David and Beverley Parsons
David and Beverley were both born and raised in the Sydney suburbs.
David, by his own admission, has led a charmed life. Being the only son in a family of seven children, there was great excitement when he was born fifth in line on the 31st, May 1935 in the rectory of All Souls Anglican Church, Leichhardt where his father, Leland, was the minister. It was a lovely old two storey house built in 1887, where the balustrade could be slid down; marbles could be played on the lino on the stairs and the basement under the house made an ideal cubby house.
His father was kind, but rather strict. For every Sunday service, David remembers having to sit with his six sisters in the front pew and behave himself or else. The church had a very large choir (some fifty people where his father was also the choirmaster) and a very large pipe organ. He grew up taking more than passing interest in the church music. With a Licentiate Degree in Music, David’s father decided to have him taught the piano when he was eight, continuing through the grades for the next seven years.
It was the church organ that attracted David the most, so at the age of twelve, his father taught him the fundamentals of playing the church organ. If David were not at home, his mother would usually find him belting out all kinds of music on the church organ. David is convinced that it was God’s plan he become a church musician, and at the age of 14, he was appointed organist in his church. From then on, the training and experience gained over the following sixteen years until his father’s retirement (with David as the organist and his father as choirmaster) the foundations of a very successful career in church music were laid.
While David was growing up at Leichhardt, a little girl named Beverley was doing the same in Epping. She was born into a church-going family with strong ties to St Alban’s Anglican Church, Epping. Beverley’s father, Stacy Atkin held the roles of Rector’s Warden and Superintendent of the Sunday School, and her mother, Edna took leadership positions in the women’s and social activities.
Beverley grew up loving music, particularly organ music. Music lessons began from the age of six, and she developed a strong love of singing and at the age of 12 was asked to join the senior choir at church.
So it seemed only destiny that these two should meet and this occurred in March 1956 when they were both on holidays at Bundanoon. Romance ensued, they married and settled down to raising a family.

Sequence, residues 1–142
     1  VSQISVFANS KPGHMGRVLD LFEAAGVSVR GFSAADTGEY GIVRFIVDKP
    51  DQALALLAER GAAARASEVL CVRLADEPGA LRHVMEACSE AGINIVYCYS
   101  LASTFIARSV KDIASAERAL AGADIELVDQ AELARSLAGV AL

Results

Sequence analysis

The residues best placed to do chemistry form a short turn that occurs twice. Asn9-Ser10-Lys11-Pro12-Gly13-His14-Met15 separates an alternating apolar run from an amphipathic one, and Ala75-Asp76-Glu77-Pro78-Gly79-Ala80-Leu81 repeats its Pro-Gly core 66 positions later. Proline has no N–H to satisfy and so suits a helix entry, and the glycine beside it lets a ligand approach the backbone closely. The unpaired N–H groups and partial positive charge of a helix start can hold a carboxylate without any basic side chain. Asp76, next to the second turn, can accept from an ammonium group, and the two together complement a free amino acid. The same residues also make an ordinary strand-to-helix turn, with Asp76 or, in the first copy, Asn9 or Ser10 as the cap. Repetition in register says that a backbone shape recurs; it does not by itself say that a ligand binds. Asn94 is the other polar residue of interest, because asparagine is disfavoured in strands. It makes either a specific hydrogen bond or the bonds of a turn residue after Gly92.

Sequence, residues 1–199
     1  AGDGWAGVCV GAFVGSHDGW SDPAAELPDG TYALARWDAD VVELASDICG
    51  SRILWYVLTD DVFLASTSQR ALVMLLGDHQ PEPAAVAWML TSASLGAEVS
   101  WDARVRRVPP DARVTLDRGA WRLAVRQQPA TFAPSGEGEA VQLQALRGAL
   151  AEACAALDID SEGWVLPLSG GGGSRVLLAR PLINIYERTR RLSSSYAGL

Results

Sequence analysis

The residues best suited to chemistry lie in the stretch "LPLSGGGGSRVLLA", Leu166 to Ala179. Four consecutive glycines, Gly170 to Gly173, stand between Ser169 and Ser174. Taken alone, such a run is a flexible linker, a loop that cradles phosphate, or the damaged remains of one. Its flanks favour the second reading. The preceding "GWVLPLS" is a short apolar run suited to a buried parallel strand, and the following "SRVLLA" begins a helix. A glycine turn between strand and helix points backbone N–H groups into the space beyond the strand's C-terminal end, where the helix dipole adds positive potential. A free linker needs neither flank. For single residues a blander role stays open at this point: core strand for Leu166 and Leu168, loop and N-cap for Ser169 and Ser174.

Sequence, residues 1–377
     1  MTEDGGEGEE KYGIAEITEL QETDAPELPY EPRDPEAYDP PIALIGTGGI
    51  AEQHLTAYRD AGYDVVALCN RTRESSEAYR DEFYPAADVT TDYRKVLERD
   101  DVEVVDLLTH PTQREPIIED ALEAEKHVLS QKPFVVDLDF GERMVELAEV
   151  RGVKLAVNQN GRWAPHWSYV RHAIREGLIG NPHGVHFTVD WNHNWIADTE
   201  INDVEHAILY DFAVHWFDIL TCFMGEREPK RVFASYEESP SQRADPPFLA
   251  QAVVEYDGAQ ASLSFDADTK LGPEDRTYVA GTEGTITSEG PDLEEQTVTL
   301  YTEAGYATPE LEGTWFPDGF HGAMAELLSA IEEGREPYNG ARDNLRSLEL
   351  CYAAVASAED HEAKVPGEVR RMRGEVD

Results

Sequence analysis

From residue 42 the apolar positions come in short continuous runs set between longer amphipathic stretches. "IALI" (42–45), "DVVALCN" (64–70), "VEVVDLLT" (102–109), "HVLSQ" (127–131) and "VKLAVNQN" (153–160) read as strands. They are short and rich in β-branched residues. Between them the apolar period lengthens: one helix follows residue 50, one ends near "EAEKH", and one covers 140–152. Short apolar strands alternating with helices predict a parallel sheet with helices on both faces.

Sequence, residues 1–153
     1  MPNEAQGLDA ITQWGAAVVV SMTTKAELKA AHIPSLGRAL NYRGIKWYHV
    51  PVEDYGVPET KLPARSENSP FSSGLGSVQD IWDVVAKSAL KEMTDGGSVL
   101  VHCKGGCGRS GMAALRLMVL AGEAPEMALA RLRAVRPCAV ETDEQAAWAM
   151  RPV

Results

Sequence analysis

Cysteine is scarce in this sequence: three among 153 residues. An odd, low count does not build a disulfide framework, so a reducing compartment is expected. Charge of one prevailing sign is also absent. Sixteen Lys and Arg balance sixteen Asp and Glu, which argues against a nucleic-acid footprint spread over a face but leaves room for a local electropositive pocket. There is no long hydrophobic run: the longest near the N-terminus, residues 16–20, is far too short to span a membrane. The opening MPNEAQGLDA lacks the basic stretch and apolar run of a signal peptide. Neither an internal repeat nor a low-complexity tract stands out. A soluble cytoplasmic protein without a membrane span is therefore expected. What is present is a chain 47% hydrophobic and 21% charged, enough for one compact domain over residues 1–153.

In 1965 David became organist and choirmaster at St Philip’s Church of England, Eastwood for 13 years, and in 1978 his next appointment was to St Matthew’s, West Pennant Hills where he is currently organist.
Loving all kinds of music, David soon developed a love of the theatre organ, and remembers first playing a Wurlitzer organ in the Plaza Theatre in George Street, Sydney, where Reubert Hayes was the organist. After the evening session one Saturday in 1952, Reubert allowed him to bring the organ up on the hoist and play a few tunes. What an exciting time that was; and from then on, he has developed a style of his own, playing popular music on all of the remaining theatre organs in Sydney and beyond. This has led him to some notable appointments such as Assistant City Organist (Theatre) in Sydney, playing the Sydney Town Hall Grand Organ for many concerts; playing the opening concert on the restored Wurlitzer Organ in Willoughby Town Hall and an inaugural recitalist at the Sydney Opera House Grand Organ, always playing to record crowds.
Since 1970, David and Beverley have been entertaining tens of thousands of people in fundraising efforts in their own home.
As a result, in 1985 David was awarded The Order of Australia Medal (O.A.M.) and in 1992 the Paul Harris Fellow Medal (Rotary International’s highest award) for services to the community. He is also the Concert Performing Artist for the Pipeless Pipe Organ Company, demonstrating the Ahlborn Galanti.
During his career David has recorded a total of seven LP’s, CD’s and cassettes, three of which are currently available at his concerts.
Now David and Beverley are busier than ever, giving lunchtime organ concerts to retirement villages and social groups. It is not uncommon for groups of people to visit their Sydney home from as far a field as Wollongong, Bowral and Port Stephens. David’s extensive career takes both of them all over the east coast of Australia, to Tasmania and Norfolk Island with his concert tours bringing pleasure to thousands of people.
This is a brief account of one of Sydney’s most well-known and talented musicians.